Anti-GM2 antibodies may become a therapeutic option for malignant pleural mesothelioma patients
(PRWEB) November 30, 2014
Doctors at Kanazawa University are testing a drug they say reduced the size and number of mesothelioma tumors in mice. Details on the new study are now available on the Surviving Mesothelioma website. Click here to read the full article.
Researchers at the University’s Cancer Research Institute found that 8 out of 11 mesothelioma cell lines tested overexpress a glycolipid called ganglioside GM2. In these lines, the anti-GM2 antibody BIW-8962 exhibited powerful cancer-fighting capabilities.
“These data suggest that anti-GM2 antibodies may become a therapeutic option for malignant pleural mesothelioma patients,” writes lead author Dr. Qi Li.
The study in Cancer Science tested BIW-8962 in mesothelioma in the lab and in live mice with similar positive results.
“The location and shape of mesothelioma tumors, as well as their resistance to chemotherapy, leave mesothelioma patients with few treatment options,” says Alex Strauss, Managing Editor of Surviving Mesothelioma. “Highly targeted treatments like BIW-8962 may be the best hope for an eventual cure.”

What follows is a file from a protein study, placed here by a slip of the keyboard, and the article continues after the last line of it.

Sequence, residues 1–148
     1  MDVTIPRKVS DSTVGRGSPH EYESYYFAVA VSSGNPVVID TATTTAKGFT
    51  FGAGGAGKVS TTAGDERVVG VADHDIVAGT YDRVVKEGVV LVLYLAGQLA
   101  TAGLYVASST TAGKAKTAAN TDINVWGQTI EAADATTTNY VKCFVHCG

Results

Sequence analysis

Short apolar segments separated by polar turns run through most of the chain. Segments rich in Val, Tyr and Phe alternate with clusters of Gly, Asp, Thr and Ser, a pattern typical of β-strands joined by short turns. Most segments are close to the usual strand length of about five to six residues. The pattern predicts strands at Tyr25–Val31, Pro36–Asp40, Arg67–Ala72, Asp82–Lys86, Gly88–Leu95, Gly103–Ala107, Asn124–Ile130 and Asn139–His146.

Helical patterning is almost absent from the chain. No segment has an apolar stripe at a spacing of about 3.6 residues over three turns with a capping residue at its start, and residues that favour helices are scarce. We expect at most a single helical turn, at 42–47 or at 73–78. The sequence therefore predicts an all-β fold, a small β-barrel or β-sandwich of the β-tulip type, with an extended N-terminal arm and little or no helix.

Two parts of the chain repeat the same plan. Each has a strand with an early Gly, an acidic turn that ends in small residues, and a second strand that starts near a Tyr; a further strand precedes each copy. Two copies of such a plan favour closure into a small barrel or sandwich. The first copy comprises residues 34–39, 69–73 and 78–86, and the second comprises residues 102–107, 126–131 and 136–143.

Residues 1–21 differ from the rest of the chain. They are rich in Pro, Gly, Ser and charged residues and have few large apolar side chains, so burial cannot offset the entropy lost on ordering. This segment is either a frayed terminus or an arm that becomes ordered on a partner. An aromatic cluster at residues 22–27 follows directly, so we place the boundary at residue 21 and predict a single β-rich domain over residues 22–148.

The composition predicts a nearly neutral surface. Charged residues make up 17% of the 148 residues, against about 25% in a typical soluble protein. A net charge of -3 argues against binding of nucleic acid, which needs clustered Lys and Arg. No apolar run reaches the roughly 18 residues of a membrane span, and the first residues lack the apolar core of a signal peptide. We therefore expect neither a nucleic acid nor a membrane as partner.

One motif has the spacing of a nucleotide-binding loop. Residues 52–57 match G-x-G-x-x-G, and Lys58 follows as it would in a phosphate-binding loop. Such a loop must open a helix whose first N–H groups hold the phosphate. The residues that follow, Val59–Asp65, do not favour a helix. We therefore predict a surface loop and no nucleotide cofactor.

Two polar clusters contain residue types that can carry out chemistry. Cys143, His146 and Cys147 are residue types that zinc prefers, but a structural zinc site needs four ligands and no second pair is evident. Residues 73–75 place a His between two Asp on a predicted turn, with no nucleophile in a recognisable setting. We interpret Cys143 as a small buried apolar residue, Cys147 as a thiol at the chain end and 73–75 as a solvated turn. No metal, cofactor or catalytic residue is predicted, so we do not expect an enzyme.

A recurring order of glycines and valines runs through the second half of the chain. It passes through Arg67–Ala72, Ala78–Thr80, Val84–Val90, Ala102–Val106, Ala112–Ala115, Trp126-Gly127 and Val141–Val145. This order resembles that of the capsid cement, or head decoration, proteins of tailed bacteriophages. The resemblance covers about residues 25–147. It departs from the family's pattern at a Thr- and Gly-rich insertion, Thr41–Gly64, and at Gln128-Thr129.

To read more about BIW-8962 and its possible use in mesothelioma therapy, see Japanese Doctors Test New Potential Target for Mesothelioma Therapy, now available on the Surviving Mesothelioma website.
Li, Qi et al, “Therapeutic activity of glycoengineered anti-GM2 antibodies against malignant pleural mesothelioma”, November 25, 2014, Cancer Science, Epub ahead of print, http://onlinelibrary.wiley.com/doi/10.1111/cas.12575/abstract
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